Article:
Needle Drop: Bill Hicks, Rant in E-Minor Variations

Comedy has a long history on vinyl. The recording of comedy routines goes back before even vaudeville, much less before Netflix began pumping out a seemingly endless stream of comedy specials. Comedy albums were really the only outlet besides a nightclub to hear a comedian’s full set. In the late 1950s and early 1960s, albums by Mort Sahl, Dick Gregory, Shelly Berman, and Bob Newhart set the table for what eventually morphed into records directed more toward college kids. Redd Foxx, Lenny Bruce, Richard Pryor, George Carlin, Steve Martin, and Cheech & Chong all expanded their reach beyond clubs and theaters and into the mainstream with their albums.

But as concert films, videos, and cable specials became the norm, the demand for comedy albums shrunk. With the stand-up comedy boom in the 1980s, even network television got into the game and while albums were still released, with so many artists vying for the spotlight of television, their impact wasn’t as prominent

One of the comedians who stood out during this era was Bill Hicks. Hicks’ story isn’t exactly show-biz fairy tale material—a stand-up since he was 16 years old, he toured extensively throughout the country, spent time in New York and Los Angeles before traveling to England where he found the success that eluded him in the States.

Hicks had two major album releases in his lifetime—Dangerous, recorded in New York City in 1990, and Relentless taken from one of his performances at the Montreal Just for Laughs Festival in 1991. A One Night Stand special on HBO aired in 1991 as well as multiple appearances on Late Night with David Letterman. Another television special, Revelations, recorded in front of a very enthusiastic crowd in England for Channel 4, debuted in 1993 and his career started to pick up some momentum when he was diagnosed with pancreatic and liver cancer. He died on February 24,1994.

Alright. Now the good part. Not unlike a lot of artists ahead of the curve Bill Hicks became bigger in death than he had been in life. His name appeared in the liner notes of Radiohead’s The Bends and the band Tool honored him with audio clips and references to his act in the lyrics for the title track of their Ænima album along with a tribute to him in the liner notes.

In 1997 two new releases appeared on Rykodisc Records, Arizona Bay and Rant in E-Minor. Both feature music performed by Hicks and Kevin Booth, interwoven with live bits recorded around the country. This was Hicks’ final project—to make a comedic concept record.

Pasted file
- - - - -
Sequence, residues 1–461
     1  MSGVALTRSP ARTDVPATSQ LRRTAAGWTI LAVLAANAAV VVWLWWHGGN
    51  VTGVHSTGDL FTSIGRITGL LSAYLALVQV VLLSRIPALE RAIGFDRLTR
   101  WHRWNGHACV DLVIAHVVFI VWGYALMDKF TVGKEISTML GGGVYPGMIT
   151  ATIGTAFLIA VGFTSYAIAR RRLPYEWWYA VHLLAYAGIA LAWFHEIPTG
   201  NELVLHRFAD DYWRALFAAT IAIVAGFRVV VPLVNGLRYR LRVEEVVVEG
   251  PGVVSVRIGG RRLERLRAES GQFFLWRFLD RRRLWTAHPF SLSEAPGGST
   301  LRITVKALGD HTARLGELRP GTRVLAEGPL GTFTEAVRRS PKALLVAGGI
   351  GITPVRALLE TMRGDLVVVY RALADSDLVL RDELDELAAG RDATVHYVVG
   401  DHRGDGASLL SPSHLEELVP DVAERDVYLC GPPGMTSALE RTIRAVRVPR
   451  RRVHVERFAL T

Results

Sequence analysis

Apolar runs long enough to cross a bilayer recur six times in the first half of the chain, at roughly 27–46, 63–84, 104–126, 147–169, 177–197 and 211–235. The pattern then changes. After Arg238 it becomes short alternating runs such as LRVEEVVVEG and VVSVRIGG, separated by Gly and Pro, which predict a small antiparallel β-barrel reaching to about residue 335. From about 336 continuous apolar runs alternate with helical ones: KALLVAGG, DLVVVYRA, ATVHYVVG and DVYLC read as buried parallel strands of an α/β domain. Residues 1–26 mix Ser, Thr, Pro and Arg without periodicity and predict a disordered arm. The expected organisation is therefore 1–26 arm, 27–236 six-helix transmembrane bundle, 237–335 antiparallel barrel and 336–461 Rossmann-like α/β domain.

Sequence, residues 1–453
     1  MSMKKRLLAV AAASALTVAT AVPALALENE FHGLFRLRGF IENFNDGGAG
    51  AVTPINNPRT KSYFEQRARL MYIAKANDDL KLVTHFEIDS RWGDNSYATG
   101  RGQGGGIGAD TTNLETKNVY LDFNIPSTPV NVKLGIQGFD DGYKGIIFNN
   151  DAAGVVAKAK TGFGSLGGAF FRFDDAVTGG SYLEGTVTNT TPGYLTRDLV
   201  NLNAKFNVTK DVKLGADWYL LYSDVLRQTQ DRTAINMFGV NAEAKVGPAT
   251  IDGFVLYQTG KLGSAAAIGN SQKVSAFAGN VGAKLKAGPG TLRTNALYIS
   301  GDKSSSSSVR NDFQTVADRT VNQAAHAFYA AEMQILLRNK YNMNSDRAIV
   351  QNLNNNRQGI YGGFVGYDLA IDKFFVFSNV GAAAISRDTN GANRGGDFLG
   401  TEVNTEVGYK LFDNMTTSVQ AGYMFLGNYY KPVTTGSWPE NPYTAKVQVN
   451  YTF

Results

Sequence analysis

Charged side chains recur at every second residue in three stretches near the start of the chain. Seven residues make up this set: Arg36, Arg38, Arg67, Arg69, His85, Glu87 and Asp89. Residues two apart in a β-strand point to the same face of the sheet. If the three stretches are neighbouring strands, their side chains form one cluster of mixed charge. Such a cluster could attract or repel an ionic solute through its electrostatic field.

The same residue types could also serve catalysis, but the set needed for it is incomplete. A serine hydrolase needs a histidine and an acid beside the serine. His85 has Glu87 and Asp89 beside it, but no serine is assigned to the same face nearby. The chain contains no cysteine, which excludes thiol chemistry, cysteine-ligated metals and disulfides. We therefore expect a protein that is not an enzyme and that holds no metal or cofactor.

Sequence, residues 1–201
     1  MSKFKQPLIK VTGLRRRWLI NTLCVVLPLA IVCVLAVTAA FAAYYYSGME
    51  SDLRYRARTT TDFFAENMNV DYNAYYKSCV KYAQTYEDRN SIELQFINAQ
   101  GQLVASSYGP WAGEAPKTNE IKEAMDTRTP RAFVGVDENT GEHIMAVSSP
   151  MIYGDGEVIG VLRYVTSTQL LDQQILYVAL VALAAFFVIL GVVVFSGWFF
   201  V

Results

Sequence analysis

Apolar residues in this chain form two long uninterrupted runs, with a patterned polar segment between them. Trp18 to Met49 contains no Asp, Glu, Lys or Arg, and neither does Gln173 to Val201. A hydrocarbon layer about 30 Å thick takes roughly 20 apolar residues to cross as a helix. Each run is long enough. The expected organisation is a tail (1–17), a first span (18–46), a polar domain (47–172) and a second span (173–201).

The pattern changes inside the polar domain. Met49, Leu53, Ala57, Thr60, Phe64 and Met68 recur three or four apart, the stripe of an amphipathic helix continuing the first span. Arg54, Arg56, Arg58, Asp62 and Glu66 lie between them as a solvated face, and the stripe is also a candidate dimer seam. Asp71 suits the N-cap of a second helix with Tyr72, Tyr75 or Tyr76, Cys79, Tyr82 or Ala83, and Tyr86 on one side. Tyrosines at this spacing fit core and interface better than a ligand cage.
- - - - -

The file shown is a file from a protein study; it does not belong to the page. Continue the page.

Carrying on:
While the music does a good job to set the mood and the piece as a whole works, there is a part of the listener that just wants to hear the whole performance. Should that be the case, you’re in luck—Rant in E-Minor Variations has just been released in a sleek 2-LP set by Comedy Dynamics featuring the entire uninterrupted show, including portions that weren’t included in the original.

In the 23 years since he died Hicks’ name has become revered among comedy nerds. Never the most commercially successful comedian of his generation, he is often recognized as the best. His combative nature with the audience almost became a staple of his show. While the audience is receptive in this performance (as opposed to his Flying Saucer Tour Vol. 1 release) there are still moments where there are audible groans and awkward applause breaks because of the uncertainty as to where the joke is heading.

A lot of comedy tends to age poorly, and while some of the pop culture references here date the material, themes based upon probing the human condition and all its hypocrisy is universal—so much so that a good portion of it is just as fresh today as it was when he recorded it. Swap a few names out with today’s news scroll fodder and one sees how some things never really change.

When any artist dies young, part of the inherent sadness is wondering what else they would have achieved, and it is hard not to wonder what Bill Hicks would have thought of 2016. If you listen closely to this album however, you can probably figure out that answer for yourself.

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